Katz, meanwhile, also questions the assumption by agency engineers that they'll need the extra 50 million gallons of water a day from the Mokelumne because water demand will increase by 2 percent a year over the next thirty years. Katz pointed out that the estimated 2 percent increase far outpaces the population increase estimates from the Association of Bay Area Governments. In 2005, at the height of the East Bay housing boom, the association estimated an annual population increase of just .79 percent, less than half of what East Bay MUD is projecting during the worst housing crisis in decades, Katz said. "There's got to be problems with how the math was calculated," he said of his own agency's estimate.

But even if Linney and Katz vote against the dam, environmentalists may still come up short. Board members Katy Foulkes, Lesa McIntosh, and Bill Patterson often end up voting with Coleman. It's particularly puzzling for Patterson and McIntosh, because he represents almost all of East Oakland and she represents almost all of Richmond. As a result, a steep pricing plan would least affect their constituents because, like Katz' and Linney's constituents, they live west of the hills, in cooler climates, and thus tend to use much less water. Patterson and McIntosh also represent a significant number of low-income residents who tend to live in houses with small lots or in apartments, and so use much less water than the average. Foulkes, meanwhile, represents Moraga, Orinda, Piedmont, and most of the Oakland hills. Foulkes, Patterson, and McIntosh did not return phone calls for this story.

As for seventh board member Frank Mellon, who represents Castro Valley and portions of Hayward, San Leandro, and San Ramon, he sometimes votes with Katz and Linney, but is a wild card. Last year, for example, he voted with Katz and Linney to increase mandatory water rationing from 10 to 15 percent in the 2040 water plan, but they were ultimately overruled by Coleman, Foulkes, McIntosh, and Patterson.

Consequently, some environmentalists believe the only way they'll be able to protect the Mokelumne is to convince the federal government to declare the section of the river above Pardee Reservoir "wild and scenic." If that were to happen, then East Bay MUD would be prohibited from turning it into a lake. Such a declaration requires an act of Congress. Wright, of the Foothill Conservancy, and Evatt and Bell, who sit on the conservancy's board, hope to convince Congressman George Miller of Contra Costa County of their cause. Miller has a strong record on environmental issues and represents part of East Bay MUD's service area. The Foothill contingent also is excited about the candidacy of Lieutenant Governor John Garamendi, who is running to replace Congresswoman Ellen Tauscher of Contra Costa County. Garamendi is originally from Mokelumne Hill and is a big supporter of the river.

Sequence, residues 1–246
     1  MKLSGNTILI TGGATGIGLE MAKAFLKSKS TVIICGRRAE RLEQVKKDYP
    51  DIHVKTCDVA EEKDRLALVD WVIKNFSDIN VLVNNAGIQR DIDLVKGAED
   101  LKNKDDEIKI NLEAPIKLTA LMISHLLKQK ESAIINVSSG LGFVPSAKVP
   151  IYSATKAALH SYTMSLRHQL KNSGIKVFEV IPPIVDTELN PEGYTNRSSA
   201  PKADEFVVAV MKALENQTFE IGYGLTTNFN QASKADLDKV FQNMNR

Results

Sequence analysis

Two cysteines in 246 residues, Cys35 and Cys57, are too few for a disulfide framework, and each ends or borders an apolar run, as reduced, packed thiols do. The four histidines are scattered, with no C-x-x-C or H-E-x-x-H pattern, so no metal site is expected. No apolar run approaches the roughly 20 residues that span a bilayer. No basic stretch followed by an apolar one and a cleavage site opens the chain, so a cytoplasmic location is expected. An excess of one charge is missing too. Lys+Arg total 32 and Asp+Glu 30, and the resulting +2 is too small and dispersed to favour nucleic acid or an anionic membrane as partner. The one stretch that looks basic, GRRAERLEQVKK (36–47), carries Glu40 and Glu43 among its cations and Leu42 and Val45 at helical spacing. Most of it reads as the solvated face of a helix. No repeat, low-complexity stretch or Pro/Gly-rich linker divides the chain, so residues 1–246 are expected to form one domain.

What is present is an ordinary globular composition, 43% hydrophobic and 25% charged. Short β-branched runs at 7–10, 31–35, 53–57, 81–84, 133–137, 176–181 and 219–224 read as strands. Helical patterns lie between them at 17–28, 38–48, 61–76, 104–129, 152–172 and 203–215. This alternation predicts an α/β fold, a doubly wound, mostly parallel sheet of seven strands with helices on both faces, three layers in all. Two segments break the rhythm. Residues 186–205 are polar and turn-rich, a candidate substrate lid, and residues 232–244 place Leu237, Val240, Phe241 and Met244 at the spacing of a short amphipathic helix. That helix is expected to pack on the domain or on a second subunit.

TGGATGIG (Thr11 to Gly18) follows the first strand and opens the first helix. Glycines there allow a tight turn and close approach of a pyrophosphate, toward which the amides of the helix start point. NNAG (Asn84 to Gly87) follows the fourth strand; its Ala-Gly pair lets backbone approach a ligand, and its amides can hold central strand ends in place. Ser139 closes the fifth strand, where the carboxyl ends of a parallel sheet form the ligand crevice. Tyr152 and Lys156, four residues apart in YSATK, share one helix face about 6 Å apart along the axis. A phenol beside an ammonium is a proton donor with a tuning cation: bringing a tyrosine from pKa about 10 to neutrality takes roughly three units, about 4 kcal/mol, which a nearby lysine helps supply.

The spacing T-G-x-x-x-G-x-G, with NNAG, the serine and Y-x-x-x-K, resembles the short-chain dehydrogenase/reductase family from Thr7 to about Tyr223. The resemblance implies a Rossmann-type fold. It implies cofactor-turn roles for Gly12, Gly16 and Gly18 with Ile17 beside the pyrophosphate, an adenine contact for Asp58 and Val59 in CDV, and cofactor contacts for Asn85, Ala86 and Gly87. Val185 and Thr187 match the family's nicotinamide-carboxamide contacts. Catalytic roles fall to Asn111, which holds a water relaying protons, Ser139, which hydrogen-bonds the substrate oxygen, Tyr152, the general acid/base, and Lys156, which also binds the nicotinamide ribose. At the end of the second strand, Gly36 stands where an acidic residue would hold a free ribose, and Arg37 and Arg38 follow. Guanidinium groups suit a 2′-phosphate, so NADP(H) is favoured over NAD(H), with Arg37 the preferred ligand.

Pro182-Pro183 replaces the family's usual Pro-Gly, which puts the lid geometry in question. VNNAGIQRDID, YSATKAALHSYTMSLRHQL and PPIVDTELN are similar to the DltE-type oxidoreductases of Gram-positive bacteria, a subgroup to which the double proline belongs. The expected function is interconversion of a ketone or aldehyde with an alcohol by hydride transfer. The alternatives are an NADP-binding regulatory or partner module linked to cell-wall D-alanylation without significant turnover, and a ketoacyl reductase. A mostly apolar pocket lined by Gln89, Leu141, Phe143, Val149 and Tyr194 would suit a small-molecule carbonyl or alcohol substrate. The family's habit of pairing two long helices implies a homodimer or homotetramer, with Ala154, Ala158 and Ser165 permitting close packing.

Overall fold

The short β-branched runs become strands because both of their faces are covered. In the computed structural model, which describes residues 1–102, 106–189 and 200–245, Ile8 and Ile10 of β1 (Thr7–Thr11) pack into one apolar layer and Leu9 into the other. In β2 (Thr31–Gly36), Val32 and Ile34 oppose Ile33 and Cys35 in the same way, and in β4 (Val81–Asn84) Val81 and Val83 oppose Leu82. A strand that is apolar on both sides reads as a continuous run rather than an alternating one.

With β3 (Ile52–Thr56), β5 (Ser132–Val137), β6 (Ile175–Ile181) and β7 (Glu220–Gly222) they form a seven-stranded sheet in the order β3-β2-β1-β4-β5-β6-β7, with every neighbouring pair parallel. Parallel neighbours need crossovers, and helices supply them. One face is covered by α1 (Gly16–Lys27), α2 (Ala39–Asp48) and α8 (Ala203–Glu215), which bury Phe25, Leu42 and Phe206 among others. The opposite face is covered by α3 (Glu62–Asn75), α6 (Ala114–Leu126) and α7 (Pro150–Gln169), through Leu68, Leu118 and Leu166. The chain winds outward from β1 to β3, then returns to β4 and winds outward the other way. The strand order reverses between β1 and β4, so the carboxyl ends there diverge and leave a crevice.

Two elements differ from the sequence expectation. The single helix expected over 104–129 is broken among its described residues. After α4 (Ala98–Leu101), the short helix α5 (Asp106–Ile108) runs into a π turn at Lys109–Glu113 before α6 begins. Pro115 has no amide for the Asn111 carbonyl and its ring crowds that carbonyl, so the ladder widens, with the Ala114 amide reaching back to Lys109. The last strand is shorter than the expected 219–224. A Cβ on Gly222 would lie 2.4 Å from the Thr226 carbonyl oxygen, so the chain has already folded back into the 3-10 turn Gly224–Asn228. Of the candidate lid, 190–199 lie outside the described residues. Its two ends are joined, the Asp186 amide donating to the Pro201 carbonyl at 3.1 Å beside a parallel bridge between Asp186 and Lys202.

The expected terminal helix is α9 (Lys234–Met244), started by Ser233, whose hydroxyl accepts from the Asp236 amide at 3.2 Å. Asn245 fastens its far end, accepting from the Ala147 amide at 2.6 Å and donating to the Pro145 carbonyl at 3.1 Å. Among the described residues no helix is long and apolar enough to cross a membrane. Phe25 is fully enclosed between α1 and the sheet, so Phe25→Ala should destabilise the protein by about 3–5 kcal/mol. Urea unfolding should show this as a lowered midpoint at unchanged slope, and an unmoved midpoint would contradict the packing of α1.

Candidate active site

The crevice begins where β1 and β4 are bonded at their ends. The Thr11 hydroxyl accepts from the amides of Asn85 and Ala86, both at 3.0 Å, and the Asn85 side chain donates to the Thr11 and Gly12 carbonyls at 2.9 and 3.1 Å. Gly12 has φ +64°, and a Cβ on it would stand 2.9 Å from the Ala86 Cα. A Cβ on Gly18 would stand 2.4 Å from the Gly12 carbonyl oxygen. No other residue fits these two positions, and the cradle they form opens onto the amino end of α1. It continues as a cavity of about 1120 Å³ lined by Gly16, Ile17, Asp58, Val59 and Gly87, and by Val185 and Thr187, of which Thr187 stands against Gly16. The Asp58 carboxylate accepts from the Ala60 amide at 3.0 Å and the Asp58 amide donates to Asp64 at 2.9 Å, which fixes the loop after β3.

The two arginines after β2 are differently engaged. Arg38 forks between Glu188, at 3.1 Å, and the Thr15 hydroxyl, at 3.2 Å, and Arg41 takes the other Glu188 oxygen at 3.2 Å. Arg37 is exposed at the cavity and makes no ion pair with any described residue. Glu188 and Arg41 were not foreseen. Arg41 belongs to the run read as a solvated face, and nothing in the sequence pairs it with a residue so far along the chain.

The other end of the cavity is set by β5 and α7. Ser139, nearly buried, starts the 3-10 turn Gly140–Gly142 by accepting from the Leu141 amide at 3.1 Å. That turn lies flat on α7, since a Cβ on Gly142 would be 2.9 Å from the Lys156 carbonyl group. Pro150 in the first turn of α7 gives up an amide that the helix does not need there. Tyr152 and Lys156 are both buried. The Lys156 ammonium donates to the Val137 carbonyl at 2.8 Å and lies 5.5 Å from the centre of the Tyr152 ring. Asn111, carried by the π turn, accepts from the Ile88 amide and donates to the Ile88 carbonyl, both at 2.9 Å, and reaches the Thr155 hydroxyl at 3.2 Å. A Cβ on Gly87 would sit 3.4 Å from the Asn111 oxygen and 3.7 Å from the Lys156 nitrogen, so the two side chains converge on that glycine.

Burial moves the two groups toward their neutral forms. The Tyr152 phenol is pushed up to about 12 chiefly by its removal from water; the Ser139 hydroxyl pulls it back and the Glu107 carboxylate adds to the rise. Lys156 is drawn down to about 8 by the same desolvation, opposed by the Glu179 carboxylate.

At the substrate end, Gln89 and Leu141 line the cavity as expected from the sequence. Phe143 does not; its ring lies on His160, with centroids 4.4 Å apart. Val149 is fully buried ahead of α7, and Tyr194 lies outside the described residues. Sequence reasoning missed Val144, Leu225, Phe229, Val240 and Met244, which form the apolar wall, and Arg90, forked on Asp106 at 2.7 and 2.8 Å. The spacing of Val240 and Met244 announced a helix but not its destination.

Late last week, Coleman also floated the idea of moving the new dam downstream, closer to Camanche Reservoir. That way the newly enlarged Pardee might not flood Middle Bar Reach or the section of the Mokelumne above Highway 49. Coleman made the informal proposal as part of his last-minute attempt to change the minds of public officials in the Sierra foothills. Evatt said such a plan, if adopted, would be persuasive. "If they don't inundate the river, it would eliminate local opposition," she said.

But she noted that there is no indication that this new proposal will go anywhere. East Bay MUD's official plans still have the new dam flooding the Mokelumne above the existing reservoir. Moreover, some environmentalists point out that wherever the new dam is built, it will take up to 50 million gallons of water a day from the Mokelumne, thereby further starving the Delta of much-needed water.

The Delta has been under assault for years, and is now near collapse. This year, California will not have a local salmon season for the second year in a row, in part because of water diversions from the Delta to agriculture and urban water uses. "The Delta is dying a death from a thousand cuts, and this would be another one," said John Beuttler, conservation director for the California Sport Fishing Protection Alliance. "It's like we have a patient in triage, and they want to take away more oxygen."

David "Chicken" Nesmith of the Environmental Water Caucus and the Sierra Club Bay Chapter water committee called Coleman's informal proposal to move the dam "a nonstarter" and "another insult" to the Delta. "Quite frankly," he said, "East Bay MUD should be ashamed of itself for taking more water from the Delta when they know full well the disaster that is already happening there." 

Robert Gammon